Question 19.1

A 44-year-old patient was found collapsed. The following results were obtained from arterial blood gas analysis and venous biochemistry.

Parameter

Patient value

Adult normal range

FiO2

0.28

pH

7.05 *

7.35-7.45

PCO2

15 mmHg (1.99 kPa)*     

35.0-40.0 (4.6-6.0)

SaO2

100%

Bicarbonate

5 mmol/L*

22.0-26.0

Base excess

-24 mmol/L*

-2.0-+2.0

Lactate

3.0 mmol/L*

0.5-1.6

Parameter

Patient value

Adult normal range

Sodium

135 mmol/L

135-145

Potassium

5 mmol/L

3.5-5.0

Chloride

100 mmol/L

95-105

Ionised Calcium

0.9 mmol/L*

1.10-1.35

Calcium corrected

2.1 mmol/L*

2.12-2.62

Glucose

18 mmol/L*

3.5-6.0

Ketones

4.0 mmol/L*

< 1

Urea

7.8 mmol/L

3.0-8.0

Creatinine

118 µmol/L*

45-90

Measured osmolality

330 mosmol/Kg*

285-295

Albumin

35 g/L

35-50

Bilirubin

18 µmol/L

< 26

Aspartate transaminase (AST)      

230 U/L*

<35

Alanine transaminase (ALT)

139 U/L*

<35

Alkaline phosphatase (ALP)

53 U/L

30-110

19.1.1 Explain the laboratory results. Show your calculations where appropriate and list two differential diagnoses consistent with these abnormalities. (3 marks)
19.1.2 List two effective therapies. (2 marks)

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College Answer

Syllabus topic/section:
2.1.14 Environmental Injuries and Toxicology in ICU – L1.
2.1.18 Peri-operative Issues in Intensive Care – L1.
Aim:
To explore the level of knowledge of common investigations and synthesis of information.
Discussion:
Some candidates lost time by adding in detail not asked for e.g. A-a gradient. The albumin correction in 2.1 was not done by any candidate. Some candidates missed part of the question which was essentially the only way a candidate achieved less than 5. Overall, it is commendable that the standard of ABG interpretation is high.

Discussion

Let us dissect these results systematically.

  1. The A-a gradient was not asked for,  nor can it be calculated without a PaO2, which makes all the more puzzling that some candidates tried to calculate it, but here we are.
  2. There is acidaemia.
  3. The PCO2 is a compensatory response.
  4. The SBE is negative, suggesting that there is a metabolic acidosis.
  5. The respiratory compensation is adequate:
    The expected CO2 is (5 × 1.5) + 8 = 15.5mmHg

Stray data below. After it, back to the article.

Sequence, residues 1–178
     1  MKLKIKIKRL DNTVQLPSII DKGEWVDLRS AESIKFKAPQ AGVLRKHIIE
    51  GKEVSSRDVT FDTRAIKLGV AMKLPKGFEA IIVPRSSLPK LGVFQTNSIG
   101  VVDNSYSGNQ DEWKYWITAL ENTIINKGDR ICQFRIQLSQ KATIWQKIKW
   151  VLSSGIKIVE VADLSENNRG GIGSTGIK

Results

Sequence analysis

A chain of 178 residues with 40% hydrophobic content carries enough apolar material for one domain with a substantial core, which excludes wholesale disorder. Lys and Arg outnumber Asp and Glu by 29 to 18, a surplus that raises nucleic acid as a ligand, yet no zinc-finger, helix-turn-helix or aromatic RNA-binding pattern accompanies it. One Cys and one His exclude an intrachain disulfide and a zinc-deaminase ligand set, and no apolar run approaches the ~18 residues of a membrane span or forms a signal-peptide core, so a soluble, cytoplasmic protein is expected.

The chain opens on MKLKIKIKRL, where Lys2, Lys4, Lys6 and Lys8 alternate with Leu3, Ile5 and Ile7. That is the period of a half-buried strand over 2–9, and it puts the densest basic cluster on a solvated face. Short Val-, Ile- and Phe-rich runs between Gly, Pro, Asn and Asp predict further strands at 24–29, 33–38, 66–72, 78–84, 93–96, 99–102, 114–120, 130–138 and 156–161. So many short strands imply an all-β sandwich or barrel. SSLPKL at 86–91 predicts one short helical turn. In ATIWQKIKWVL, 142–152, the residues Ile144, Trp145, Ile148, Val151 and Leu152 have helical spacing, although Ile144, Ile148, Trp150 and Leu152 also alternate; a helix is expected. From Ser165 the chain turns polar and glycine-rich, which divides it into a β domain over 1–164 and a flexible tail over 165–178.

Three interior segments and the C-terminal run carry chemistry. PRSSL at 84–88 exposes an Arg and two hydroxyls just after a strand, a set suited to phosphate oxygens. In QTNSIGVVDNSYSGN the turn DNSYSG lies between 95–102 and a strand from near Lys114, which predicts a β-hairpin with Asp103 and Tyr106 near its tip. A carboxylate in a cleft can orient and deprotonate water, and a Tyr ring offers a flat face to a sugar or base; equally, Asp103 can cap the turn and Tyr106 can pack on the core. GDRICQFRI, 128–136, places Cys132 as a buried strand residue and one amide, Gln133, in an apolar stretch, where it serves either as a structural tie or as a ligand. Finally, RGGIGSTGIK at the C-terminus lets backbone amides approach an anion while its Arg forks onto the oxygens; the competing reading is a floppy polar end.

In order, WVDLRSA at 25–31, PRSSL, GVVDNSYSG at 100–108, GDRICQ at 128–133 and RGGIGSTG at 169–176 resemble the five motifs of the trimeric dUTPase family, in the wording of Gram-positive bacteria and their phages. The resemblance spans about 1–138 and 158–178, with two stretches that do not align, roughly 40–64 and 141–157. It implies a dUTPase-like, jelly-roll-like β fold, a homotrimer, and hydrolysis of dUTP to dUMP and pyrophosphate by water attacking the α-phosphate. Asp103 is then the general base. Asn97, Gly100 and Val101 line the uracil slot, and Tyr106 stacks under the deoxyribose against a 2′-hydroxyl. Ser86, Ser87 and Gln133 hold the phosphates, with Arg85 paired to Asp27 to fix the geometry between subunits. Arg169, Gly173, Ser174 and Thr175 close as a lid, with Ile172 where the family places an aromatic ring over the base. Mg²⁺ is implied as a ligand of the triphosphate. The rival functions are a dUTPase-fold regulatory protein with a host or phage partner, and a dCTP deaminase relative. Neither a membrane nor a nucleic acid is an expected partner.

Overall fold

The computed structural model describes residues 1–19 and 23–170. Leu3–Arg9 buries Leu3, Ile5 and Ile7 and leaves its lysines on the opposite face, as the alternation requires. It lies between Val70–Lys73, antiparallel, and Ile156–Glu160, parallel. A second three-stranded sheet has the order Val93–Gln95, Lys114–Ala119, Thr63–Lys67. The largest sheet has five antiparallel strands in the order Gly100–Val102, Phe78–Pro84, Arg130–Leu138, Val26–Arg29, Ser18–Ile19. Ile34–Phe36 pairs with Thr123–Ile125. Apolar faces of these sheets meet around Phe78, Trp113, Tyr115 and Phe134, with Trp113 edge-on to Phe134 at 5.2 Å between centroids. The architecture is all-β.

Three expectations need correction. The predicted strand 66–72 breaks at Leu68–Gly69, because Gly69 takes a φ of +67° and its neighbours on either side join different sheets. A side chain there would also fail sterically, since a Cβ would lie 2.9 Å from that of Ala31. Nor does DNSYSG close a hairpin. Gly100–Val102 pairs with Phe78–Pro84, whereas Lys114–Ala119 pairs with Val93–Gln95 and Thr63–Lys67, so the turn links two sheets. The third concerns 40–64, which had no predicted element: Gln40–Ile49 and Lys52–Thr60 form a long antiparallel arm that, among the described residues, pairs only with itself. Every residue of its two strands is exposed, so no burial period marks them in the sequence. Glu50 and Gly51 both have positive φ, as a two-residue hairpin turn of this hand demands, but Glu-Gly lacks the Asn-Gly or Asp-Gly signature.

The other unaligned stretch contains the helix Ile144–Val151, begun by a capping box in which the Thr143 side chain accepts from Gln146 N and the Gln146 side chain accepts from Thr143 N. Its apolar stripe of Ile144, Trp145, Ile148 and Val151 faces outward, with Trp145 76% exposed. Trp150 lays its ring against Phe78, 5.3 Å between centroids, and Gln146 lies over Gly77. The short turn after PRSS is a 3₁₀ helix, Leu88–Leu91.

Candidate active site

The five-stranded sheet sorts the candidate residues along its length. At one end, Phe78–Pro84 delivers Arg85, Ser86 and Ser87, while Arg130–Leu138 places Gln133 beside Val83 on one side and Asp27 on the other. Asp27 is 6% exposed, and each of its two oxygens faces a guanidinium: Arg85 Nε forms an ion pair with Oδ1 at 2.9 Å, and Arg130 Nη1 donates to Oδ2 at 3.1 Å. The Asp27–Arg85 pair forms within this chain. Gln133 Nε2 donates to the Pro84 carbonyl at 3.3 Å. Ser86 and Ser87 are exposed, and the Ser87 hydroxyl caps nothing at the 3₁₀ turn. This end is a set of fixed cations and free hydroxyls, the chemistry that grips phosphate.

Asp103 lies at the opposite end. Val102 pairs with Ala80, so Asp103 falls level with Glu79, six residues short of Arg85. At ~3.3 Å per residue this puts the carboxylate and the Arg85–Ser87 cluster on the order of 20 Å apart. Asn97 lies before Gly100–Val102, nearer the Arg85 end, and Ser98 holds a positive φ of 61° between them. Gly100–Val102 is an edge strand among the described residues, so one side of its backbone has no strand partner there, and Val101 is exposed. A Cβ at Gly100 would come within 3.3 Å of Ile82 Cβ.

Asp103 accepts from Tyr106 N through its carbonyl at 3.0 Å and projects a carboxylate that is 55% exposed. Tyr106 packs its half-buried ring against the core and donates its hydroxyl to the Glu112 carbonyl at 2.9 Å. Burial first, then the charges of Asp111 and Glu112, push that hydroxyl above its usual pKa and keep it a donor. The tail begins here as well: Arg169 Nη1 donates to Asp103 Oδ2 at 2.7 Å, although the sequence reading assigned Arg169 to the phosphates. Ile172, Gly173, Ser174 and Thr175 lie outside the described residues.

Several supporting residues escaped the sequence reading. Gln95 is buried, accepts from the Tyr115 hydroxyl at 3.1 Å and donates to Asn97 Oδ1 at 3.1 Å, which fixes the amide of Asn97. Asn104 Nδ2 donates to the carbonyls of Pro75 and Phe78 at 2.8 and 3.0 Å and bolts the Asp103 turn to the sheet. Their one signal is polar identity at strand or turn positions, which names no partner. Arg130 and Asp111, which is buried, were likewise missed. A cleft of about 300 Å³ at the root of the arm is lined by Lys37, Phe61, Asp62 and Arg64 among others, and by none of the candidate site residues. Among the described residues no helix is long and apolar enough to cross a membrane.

Alternatively, subtracting the SBE from 40, you get an expected CO2 of 16 mmHg.
  6. The anion gap is raised:
    (135) - (100 + 15) = 30, where the expected AG would be 11 (considering that it would decrease by 1 for every 4-5g/L albumin decrement from 40g/L)

So, this is a high anion gap metabolic acidosis with appropriate respiratory compensation.

What of the rest of the bloods? The abnormalities are:

  • Hypocalcemia
  • Hyperglycaemia
  • Ketosis
  • Modestly impaired renal function
  • Trivially elevated LFTs

The osmolality is offered. When such a thing is offered by the examiners, one grabs it and shakes it. In this scenario, the calculated osmolality is  295.8 mOsm/kg, which gives an osmolar gap of 34.2 mOsm/kg.  As "found collapsed" is the only history we get, and the results exclude both ketons and lactate, we are left with mostly toxicological causes of HAGMA with a high osmolar gap:

  • Methanol intoxication (the anion is formic acid)
  • Ethylene glycol intoxication (the anions are glycolic acid and oxalic acid)
  • Diethylene glycol intoxication (the anion is 2-hydroxyethoxyacetic acid, HEAA)
  • Propylene glycol intoxication (the anions are pyruvate, lactate and acetate)
  • Salicylate intoxication (less likely, as the anions are salicylate and lactate)

The effective therapies which the college would have been expecting therefore would have to include the standard approach to toxic alcohol ingestion:

  • Haemodialysis
  • Alcohol (IV or NG)
  • Fomepizole

References

Erstad, Brian L. "Osmolality and osmolarity: narrowing the terminology gap."Pharmacotherapy: The Journal of Human Pharmacology and Drug Therapy23.9 (2003): 1085-1086.

Gennari, F. John. "Current concepts. Serum osmolality. Uses and limitations."The New England journal of medicine 310.2 (1984): 102-105.

Hoffman, Robert S., et al. "Osmol gaps revisited: normal values and limitations."Clinical Toxicology 31.1 (1993): 81-93.

Dorwart, William V., and Leslie Chalmers. "Comparison of methods for calculating serum osmolality from chemical concentrations, and the prognostic value of such calculations." Clinical chemistry 21.2 (1975): 190-194.

Kraut, Jeffrey A., and Shelly Xiaolei Xing. "Approach to the evaluation of a patient with an increased serum osmolal gap and high-anion-gap metabolic acidosis." American Journal of Kidney Diseases 58.3 (2011): 480-484.

Rasouli, Mehdi. "Basic concepts and practical equations on osmolality: Biochemical approach." Clinical biochemistry 49.12 (2016): 936-941.